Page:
Thus the adherence to the original expressions of H.P.B. does not result from any special claim she made of "perfection" for her written presentation, nor does it exist because such claims are now finally accepted. Not only did H.P.B. copiously apologize for the imperfections of her literary style and expression -- and she was never one given to false modesty or false apologies -- but any reader who wishes to be critical can find technical fault with many of her works. The reason why H.P.B.'s words are thought best left alone is simply because the passing years have allowed her to be recognized by an increasing number of students as a great teacher, and because, when one is recognized as a great teacher, words spoken are intuitively selected as especially fitting to study and ponder. When a student is convinced that H.P.B., as Judge said, "is the teacher," he is content to leave the task of initial formulation of Theosophical doctrines to her.

With deference to this realization, it seems fitting, here, to undertake little discourse on the central section of the Key to Theosophy, which is devoted to statement and explanation of "doctrine." What precedes and what follows this central section, however, seems to particularly invite discussion. Both the first and last thirds of the Key afford clear opportunity for study of H.P.B.'s methods and applications of philosophy. The early chapters, concerned with the relationship of the Theosophical Society to Theosophy, belong in this category, as also the section, "What is Practical Theosophy?" (beginning on p. 227).

To speculate upon H.P.B.'s reasons for choosing the points of emphasis found therein is rather different from speculating upon doctrine; perhaps the attempt is simply to become the better able to help and teach others by prolonged thought upon the method of instruction used by one recognized as a worthy instructor. It has not been in the interpretation of a great teacher's methods that "half-taught disciples" have gone astray, but rather in the desire to surpass or correct the teacher's truths -- a fitting example of which H.P.B. provides in discussion of Aristotle's failure because of pride, which led him to criticize what Plato taught when he might have been studying and pondering the words of his teacher. Even if one fails to understand completely the methods of a worthy mentor, -- and who can help but fail in some degree? -- he will have gained something from the effort, his very sympathy with that teacher's basic objectives and selfless motivations guaranteeing at least partial increase of enlightenment.

Perhaps the most important reason for studying the methods of a teacher is that such study leads one straightway to a realization that Theosophy is above all a word which stands for a great movement of ideas throughout the world, and that Theosophy cannot be represented in relation to universal education except in terms of the specific needs of each time and set of surrounding circumstances. If the teacher is a great teacher, core statements of doctrine may well be left to him, but the task of building bridges between the non-theosophical world and those core doctrines is the work of those who apprehend the fact that H.P.B. devoted much more time and energy to this task herself than to "pure" or abstract statements of doctrine. For her, the latter must have been an incomparably easier task, yet the tremendous bulk of Isis Unveiled and The Secret Doctrine was occasioned by her discussions of contemporary opinion in religion, psychology, philosophy and science.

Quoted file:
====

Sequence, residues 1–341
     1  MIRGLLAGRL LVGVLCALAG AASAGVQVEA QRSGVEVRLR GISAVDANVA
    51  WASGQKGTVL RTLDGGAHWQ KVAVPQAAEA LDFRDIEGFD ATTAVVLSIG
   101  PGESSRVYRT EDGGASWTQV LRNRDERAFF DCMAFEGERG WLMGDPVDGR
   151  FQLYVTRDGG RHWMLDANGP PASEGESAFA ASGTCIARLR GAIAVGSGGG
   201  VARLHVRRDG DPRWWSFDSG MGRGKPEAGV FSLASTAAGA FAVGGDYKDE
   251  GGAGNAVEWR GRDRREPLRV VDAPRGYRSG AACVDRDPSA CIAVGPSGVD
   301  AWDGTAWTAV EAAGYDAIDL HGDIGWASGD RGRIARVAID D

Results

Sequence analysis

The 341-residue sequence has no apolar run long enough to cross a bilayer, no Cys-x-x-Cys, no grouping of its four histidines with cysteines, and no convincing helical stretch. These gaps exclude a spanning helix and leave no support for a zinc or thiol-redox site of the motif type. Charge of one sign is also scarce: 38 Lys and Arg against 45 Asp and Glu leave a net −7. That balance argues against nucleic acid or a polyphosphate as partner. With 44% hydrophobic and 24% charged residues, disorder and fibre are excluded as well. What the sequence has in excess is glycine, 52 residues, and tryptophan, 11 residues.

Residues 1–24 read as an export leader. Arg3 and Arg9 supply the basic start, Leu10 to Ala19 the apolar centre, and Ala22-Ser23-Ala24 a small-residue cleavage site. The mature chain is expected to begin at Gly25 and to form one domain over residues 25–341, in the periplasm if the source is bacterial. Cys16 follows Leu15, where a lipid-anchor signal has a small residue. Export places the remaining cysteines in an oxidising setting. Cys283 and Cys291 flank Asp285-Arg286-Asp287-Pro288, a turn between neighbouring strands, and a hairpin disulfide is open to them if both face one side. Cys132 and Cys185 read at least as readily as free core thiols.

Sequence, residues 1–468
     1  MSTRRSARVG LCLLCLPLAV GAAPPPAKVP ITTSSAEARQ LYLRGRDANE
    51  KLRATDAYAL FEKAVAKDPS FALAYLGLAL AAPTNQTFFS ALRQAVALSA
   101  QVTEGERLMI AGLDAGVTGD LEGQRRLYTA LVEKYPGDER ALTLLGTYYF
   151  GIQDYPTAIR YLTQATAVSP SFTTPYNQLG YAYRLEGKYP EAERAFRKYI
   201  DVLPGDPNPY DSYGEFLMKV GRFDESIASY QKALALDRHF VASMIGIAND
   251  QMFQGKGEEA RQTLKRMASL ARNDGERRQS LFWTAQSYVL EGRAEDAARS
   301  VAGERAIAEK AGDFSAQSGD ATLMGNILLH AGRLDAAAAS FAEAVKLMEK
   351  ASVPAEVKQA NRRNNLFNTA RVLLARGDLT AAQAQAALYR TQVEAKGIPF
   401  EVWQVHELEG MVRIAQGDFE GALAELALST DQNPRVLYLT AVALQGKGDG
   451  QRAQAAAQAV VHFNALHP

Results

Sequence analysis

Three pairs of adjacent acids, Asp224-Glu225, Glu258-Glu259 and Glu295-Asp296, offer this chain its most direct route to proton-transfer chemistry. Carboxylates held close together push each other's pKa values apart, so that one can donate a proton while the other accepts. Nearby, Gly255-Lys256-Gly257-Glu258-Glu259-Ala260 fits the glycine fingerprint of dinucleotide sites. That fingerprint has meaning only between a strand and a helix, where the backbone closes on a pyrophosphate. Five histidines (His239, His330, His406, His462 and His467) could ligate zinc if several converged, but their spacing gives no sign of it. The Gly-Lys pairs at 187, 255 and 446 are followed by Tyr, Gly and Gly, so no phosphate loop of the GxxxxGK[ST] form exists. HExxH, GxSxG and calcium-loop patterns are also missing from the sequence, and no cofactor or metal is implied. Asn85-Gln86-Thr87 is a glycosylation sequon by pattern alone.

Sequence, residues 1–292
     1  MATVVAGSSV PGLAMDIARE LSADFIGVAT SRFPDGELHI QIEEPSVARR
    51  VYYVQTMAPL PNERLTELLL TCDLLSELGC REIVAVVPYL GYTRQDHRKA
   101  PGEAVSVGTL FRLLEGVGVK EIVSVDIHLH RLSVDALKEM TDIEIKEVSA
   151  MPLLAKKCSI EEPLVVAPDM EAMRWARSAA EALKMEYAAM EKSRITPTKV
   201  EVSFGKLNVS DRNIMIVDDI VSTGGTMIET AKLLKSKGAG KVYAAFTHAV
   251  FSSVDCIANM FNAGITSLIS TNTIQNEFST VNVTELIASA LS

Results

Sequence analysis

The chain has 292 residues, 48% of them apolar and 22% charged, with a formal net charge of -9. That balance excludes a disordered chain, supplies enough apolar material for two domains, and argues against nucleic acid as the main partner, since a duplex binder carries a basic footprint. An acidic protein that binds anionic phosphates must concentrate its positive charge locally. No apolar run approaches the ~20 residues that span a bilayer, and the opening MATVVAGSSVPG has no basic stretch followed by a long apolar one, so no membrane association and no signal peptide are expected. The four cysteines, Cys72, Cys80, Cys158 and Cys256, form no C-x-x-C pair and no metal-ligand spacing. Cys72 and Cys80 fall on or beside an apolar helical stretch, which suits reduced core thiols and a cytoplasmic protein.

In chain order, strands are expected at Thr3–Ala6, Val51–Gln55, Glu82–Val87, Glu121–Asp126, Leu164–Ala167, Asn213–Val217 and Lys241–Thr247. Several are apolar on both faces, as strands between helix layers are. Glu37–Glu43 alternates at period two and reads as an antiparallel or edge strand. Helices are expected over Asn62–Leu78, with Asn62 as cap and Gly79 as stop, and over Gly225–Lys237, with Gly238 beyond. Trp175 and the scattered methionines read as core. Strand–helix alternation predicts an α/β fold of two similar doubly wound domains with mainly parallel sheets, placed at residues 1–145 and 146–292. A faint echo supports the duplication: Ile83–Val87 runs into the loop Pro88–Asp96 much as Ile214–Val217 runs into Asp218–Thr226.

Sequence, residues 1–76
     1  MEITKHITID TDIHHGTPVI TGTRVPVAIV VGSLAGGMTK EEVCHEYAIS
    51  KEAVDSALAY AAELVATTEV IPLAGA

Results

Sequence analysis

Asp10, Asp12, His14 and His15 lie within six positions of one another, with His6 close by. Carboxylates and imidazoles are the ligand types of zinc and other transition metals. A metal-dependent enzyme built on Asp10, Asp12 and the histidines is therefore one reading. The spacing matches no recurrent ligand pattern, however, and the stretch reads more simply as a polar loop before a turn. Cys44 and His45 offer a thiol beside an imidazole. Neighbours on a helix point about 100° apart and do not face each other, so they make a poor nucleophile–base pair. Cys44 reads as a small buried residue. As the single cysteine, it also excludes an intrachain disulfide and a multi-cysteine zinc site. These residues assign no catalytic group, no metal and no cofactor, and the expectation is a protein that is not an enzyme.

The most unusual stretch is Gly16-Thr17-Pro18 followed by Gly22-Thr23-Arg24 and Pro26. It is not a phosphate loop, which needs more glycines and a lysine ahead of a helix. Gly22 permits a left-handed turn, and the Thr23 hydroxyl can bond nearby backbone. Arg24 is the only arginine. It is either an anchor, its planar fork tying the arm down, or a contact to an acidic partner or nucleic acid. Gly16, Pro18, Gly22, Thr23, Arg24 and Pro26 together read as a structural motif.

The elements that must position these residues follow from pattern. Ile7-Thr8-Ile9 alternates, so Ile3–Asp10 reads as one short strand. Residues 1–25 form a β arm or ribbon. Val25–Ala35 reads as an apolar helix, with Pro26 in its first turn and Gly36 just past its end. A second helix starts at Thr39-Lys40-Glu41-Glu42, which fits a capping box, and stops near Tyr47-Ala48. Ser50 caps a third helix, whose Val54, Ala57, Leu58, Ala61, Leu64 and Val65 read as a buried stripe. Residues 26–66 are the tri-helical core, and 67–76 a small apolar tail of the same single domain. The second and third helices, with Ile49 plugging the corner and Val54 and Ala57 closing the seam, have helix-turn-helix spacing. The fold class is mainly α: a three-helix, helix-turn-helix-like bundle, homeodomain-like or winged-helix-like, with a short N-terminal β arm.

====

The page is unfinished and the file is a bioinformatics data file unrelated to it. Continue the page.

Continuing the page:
H.P.B.'s doctrinal presentations and clarifications occupy the greater part of the central section of the Key, roughly speaking, from page 83 to page 215. With Section XII, "What is Practical Theosophy?", the emphasis is once more placed upon the application of the Theosophical attitude to the world of contemporary opinion and behavior. The link between the two -- the doctrinal and the practical -- is suggested by a consideration of "Adepts" or "Seers." On page 215 these are spoken of as "those who know," of their own knowledge, the validity of the Theosophical teachings briefly described. "They," writes H.P.B. "have entered in spirit these various planes and states we have been discussing."

The inquirer then asks whether the "production" of Adepts is to be regarded as the "aim of Theosophy." This question, we might say, is of itself an instinctive recognition of the fact that all doctrines and teachings must ultimately fructify in a standard of values for conduct. Yet because this same hypothetical inquirer is represented as strongly conditioned by the general Christian outlook, he tends to judge both Theosophy and the Theosophists in relation to the supposed ideal behavior of Adepts. So, significantly, it is at this point that H.P.B. injects an important qualification -- a qualification to be later found in her discussion of conduct -- the sort of qualification which explains the Theosophical determination to avoid imitative behavior. The Adepts, she says, are those who have come naturally to their eminence of knowledge, who have entered in spirit these various planes and states we have been discussing. Their attitudes and conduct cannot be imitated, and, therefore, the aim of the Society is certainly not the production of Adepts by any imitative system or method ever devised or yet to be devised. Ideally, the Theosophist, it appears, would never conventionally entertain the idea of "becoming an Adept," for such a desire, emanating from the plane of ideation upon which all of our normal ambitions also exist, would be irrelevant to that fundamental desire for learning which is alone able to open the gateway to further achievement. On page 218, furthermore, she writes that, "for ordinary men, for the practical duties of daily life, such a far-off result is inappropriate as an aim and quite ineffective as a motive." When the inquirer then wishes to know what may be the object or "distinct purpose" for members joining the Theosophical Society, the answer is simple and matter-of-fact: